Death of an ecosystem

It doesn't matter why the last animal dies. Extinction is forever

To a rare and endangered bird, flower, amphibian, or mammal, whether you nest high in the canopy or are a microscopic component of the soil that nurtures the giant trees that produce the canopy, the death of an ecosystem is your death.

It doesn’t matter to a Marbled Murrelet whether the company that wields the chain saw is trying to improve the social conditions of an impoverished community or feed the shareholders of a multi billion dollar corporation. Extinction is forever.

District Lot 33 on Vancouver Island is home to tiny forest that is a remnant specimen of the red-listed Coastal Douglas Fir ecosystem.

This unique community of plants and animals is classified critically endangered and globally imperiled.

There is less than one per cent of this majestic old growth forest is left on Earth.

A battle has commenced on DL33 between local communities and the government of British Columbia to shut down the chain saws that are tearing into the heart of this tiny refuge.

Both British Columbia and Canada as signatories to the international convention on biological diversity are in violation of their obligations to protect endangered ecosystems and to help stem the tide of species extinction that are estimated to be over 1,000 times what would be expected in nature.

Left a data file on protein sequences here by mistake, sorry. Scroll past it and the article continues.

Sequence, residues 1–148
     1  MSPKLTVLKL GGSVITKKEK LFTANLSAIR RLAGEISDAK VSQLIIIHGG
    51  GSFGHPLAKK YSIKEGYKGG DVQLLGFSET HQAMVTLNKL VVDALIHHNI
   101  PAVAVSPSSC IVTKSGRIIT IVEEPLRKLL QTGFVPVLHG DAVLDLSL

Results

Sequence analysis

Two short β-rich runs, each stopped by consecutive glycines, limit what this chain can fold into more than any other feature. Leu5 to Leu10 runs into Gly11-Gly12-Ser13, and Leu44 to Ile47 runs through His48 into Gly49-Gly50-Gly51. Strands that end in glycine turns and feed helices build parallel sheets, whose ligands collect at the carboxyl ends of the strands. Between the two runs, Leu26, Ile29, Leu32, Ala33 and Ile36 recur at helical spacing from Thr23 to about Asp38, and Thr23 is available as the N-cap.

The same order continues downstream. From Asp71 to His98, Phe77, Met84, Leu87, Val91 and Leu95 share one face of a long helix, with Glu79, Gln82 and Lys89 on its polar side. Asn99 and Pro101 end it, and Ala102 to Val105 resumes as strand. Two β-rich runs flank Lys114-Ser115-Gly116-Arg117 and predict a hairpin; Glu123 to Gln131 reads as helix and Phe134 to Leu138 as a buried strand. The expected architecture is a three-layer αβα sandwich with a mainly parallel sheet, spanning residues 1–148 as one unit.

A further black eye to Canada’s reputation is that DL33 resides in a UNESCO designated biosphere reserve, special areas set aside for the protection of biological diversity and to be models of sustainability.

The pleas of concerned scientists, the Nanaimo Regional District, all the communities up and down Vancouver Island, and the NDP, the official opposition in the B.C. legislature, to do the right thing and protect this precious piece of crown land have fallen on deaf ears.

Once again it is up to a tiny group of activists to risk arrest and financial ruin and stand up to this suicide cult of twisted economic priorities.

Phil Carson


Qualicum Beach



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